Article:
The Emancipation Statue at Fairmount Park. | THE BLOCKSON COLLECTION / COURTESY

Demands to learn and share this history were made just one week ago by the graduate students of the Department of Africology and African American Studies, The Temple News reported

“A sustained, collective effort by the entire university community” to support the Department of Africology and African American Studies and the Blockson Collection would prove their sincere desire to learn about and support the Black community, Smith said.

It’s important for students to acknowledge that Black history, including Juneteenth, is something everyone should learn, Turner added.

“African American History is American history, and African history is world history, and it’s for everyone,” Turner said.

In addition to reflecting, celebrating is a vital way to honor those who heard they were freed 155 years ago, Dove said.

“It’s a moment when African people, men, women and children, boys and girls, felt that there could be a different life, there could be hope for the future, there could be a stop to the cruelty and the mistreatment of African people, when they felt that now’s the chance to be recognized as being human,” Dove said.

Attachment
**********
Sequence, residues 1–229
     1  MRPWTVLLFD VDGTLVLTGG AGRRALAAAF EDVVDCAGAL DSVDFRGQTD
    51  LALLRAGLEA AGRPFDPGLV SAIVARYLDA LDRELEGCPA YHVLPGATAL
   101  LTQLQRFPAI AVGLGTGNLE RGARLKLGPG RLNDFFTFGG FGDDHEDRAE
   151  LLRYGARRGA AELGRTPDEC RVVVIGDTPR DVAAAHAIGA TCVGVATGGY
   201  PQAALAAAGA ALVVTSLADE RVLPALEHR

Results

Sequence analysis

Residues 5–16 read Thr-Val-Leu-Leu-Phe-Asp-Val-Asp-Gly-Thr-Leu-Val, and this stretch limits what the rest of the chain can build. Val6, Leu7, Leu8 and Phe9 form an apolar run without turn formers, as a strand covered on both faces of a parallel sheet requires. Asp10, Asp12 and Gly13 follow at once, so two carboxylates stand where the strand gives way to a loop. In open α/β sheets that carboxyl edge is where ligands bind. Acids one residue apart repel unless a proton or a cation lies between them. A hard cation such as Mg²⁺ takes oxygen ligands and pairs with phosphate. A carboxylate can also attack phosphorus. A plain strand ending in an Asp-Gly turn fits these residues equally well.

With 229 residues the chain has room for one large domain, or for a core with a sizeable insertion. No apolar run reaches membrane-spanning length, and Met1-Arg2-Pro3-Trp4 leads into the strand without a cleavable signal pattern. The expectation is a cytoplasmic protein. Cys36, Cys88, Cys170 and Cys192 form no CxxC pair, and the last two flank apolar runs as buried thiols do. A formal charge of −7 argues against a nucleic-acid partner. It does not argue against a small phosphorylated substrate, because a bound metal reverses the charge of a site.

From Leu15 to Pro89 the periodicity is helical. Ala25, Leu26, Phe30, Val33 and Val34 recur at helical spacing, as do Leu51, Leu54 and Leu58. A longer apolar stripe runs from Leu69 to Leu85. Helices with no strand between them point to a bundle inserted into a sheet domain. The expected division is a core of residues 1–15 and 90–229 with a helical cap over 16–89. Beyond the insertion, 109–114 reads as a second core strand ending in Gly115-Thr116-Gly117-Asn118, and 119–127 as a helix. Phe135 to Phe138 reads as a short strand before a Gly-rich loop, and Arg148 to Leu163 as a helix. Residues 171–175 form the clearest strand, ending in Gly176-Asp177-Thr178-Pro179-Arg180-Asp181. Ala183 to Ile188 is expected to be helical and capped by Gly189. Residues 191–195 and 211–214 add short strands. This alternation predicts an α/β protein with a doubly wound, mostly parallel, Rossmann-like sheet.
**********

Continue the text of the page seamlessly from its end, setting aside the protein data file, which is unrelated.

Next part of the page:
Marking this moment with a holiday honors that “the day that really mattered to people in that moment in time when they believed that it was possible to have a different life,” she added.

“The Emancipation of the Negroes,” January 1863. | THE BLOCKSON COLLECTION / COURTESY

Despite social distancing restrictions amid the COVID-19 pandemic, celebrations of Juneteenth still occurred— though not in their traditional format. 

The Blockson Collection hosted ‘Emancipation and Jazz,’ a virtual celebration remembering the life and legacy of Philadelphia jazz legend Robert “Bootsie” Barnes. Barnes was set to perform for a jazz appreciation event in April, which was canceled due to the COVID-19 pandemic. 

Turner said that they chose to rebroadcast Bootsie’s 2014 performance at the Blockson collection to honor the musician, who died from the COVID-19 in April 2020.

The Pennsylvania Juneteenth Initiative, who organize the annual Philadelphia Juneteenth Parade and Festival, hosted a COVID-19 testing site and a mini-celebration voter registration drive at Global Leadership Academy Southwest at 52nd and Pine Streets. 

Gary Shepard, media consultant for the Pennsylvania Juneteenth Initiative, said voter registration is a particularly important way for people to observe Juneteenth because it is a way for the Black community to observe Kujichagulia, a Kiswahili word meaning self-determination.

“That’s the day to celebrate your vote because that’s when all Americans became free,” Shepard said.

Shepard is proud Philadelphia recognized Juneteenth as an official holiday this year, he said.

“It’s important that it’s not diminished, that it’s recognized, people respect it, understand it, learn about it, so we can all move forward as a nation,” Shepard added.